Your child has been practicing for weeks for the dance performance on stage, but is now in tears and does not want to perform in front of a large audience.
Class presentations and public performances can make your child anxious. He might experience sweaty palms, trembling, dry mouth, nervousness, stomach pain and even diarrhoea. These are classical signs of a child experiencing a fear due to performance, known as stage fright.
While this is a common problem, faced by adults as well as children, there are some ways to help your child overcome it.
Practice makes a child perfect.
Encourage your child to practice well, whether it is a recital, speech, act or a dance. This will help in boosting your child’s confidence. You can also try making him/her practice in front of some friends and family before they face the audience.
Watch one’s own performance.
Try recording your child’s rehearsal and encourage him/her to watch it later with you. This will help him/her in understanding the areas that need improvement and work on it. Also, motivate your child to perform in front of a mirror to focus on hand gestures, speech and expressions.
Talk to your child and understand feelings.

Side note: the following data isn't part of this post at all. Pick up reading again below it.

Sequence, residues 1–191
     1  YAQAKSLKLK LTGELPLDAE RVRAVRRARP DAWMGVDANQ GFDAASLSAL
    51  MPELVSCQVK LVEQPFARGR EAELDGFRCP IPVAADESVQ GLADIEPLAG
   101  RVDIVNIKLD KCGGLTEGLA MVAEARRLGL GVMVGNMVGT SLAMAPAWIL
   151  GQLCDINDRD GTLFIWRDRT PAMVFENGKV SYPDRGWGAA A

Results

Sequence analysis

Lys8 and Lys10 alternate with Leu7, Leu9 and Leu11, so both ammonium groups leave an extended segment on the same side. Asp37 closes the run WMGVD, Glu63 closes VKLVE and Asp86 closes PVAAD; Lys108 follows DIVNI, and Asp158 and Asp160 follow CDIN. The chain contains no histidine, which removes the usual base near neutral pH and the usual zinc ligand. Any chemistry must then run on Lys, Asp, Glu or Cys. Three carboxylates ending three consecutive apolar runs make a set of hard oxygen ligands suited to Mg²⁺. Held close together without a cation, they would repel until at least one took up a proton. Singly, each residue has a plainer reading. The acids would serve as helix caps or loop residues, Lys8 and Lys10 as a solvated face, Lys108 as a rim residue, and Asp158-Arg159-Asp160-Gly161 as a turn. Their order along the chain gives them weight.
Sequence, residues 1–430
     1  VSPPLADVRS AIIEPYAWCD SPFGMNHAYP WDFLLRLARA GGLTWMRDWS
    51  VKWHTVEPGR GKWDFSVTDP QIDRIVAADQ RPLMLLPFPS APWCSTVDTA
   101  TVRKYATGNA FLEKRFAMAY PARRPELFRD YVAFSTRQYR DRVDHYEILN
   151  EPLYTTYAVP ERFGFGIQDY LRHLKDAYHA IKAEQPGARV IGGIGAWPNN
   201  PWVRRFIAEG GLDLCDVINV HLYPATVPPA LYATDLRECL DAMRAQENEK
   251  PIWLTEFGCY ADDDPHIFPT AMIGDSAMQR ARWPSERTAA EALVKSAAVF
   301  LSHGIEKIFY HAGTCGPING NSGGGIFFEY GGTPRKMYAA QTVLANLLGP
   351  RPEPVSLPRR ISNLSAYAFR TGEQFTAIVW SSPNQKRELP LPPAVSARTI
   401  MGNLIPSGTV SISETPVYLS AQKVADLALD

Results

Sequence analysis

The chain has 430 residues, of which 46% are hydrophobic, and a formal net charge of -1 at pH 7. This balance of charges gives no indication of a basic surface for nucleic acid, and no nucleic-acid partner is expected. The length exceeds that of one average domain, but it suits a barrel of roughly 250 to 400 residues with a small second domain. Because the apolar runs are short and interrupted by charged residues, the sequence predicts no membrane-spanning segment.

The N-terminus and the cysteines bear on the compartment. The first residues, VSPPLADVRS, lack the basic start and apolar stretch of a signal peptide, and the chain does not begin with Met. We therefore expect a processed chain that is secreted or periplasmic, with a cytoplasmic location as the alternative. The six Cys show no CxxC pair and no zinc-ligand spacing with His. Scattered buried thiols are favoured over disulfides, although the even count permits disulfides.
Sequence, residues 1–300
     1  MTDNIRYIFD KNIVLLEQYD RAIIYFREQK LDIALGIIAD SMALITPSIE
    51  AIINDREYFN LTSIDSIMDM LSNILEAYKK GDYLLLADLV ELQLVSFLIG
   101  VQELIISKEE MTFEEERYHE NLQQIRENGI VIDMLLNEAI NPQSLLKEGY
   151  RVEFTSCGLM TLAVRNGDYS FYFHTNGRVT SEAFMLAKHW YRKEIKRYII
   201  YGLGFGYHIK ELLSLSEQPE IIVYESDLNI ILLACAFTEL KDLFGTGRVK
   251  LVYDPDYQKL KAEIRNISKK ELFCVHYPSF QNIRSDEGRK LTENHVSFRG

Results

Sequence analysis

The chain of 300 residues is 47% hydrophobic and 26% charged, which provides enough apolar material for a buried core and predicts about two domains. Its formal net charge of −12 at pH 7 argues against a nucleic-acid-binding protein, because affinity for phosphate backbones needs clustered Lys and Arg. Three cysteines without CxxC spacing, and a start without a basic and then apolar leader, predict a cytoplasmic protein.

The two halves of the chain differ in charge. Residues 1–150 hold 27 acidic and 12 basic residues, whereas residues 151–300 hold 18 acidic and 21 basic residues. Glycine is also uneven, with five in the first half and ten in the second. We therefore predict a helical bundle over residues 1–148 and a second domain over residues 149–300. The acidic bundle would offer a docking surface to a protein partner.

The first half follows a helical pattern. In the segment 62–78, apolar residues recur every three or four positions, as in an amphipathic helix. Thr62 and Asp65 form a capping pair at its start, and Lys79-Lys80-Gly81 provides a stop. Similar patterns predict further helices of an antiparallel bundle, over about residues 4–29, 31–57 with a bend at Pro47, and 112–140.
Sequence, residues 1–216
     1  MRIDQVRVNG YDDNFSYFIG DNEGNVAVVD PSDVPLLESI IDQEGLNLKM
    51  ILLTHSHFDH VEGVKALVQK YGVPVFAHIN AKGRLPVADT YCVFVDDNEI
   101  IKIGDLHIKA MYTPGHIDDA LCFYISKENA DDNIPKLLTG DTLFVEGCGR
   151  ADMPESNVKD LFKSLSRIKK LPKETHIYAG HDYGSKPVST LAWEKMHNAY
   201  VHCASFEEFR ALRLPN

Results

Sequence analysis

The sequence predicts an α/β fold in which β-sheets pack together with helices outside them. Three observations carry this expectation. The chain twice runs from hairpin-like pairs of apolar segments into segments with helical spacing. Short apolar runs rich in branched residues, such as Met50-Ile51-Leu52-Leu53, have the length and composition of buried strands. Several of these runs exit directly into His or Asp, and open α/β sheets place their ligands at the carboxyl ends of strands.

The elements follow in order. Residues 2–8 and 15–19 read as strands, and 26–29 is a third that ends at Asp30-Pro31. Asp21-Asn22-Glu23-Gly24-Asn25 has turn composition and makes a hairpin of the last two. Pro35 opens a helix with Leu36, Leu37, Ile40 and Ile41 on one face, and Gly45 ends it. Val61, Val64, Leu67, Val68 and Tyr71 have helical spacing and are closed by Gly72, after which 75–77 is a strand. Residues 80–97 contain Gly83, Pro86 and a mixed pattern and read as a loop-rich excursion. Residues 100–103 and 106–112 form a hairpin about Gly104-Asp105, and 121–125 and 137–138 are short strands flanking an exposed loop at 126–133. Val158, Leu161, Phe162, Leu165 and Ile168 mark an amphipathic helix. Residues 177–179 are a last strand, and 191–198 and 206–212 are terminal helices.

Understanding your child’s fears will help you to work together in the right direction. Your child might be worried about making a mistake on stage and getting negative feedback. Feeling that he/she is not equal and conscious about appearance are also common reasons for stage fright. Be empathetic towards his/her feelings and make relevant suggestions to get over it.
Encourage your child to participate regularly.
Participating in events and performances regularly will help them build confidence and focus on performance rather than the audience.
Feel confident about your child and tell him/her before the performance that he/she is the best and that you love him/her. Do not compare your child to his/her peers, as you might accidentally foster negative competition or feeling of inferiority in your child.
Teach your child to feel relaxed.
Help your child to cope with his anxiety by teaching him/her skills like closing eyes and taking deep breaths before performance. Your child can easily understand when you are anxious and that will cascade in his/her performance. So try relaxing techniques yourself too. Some kids tend to rush through their lines and performance, just to get over with it. Teach them to take it easy, breath while performing and deliver slowly. This will make them clearly audible and give him/her time to recollect next lines or steps.
Taking critiques and feedback positively is a great way to learn. While it is easier said than done, teach him/her how feedback is good and how it should not be taken personally.
While these techniques might prove helpful, we need to remember that no two kids are the same. Pushing your child to perform will only take your child two steps back rather than towards stage confidence.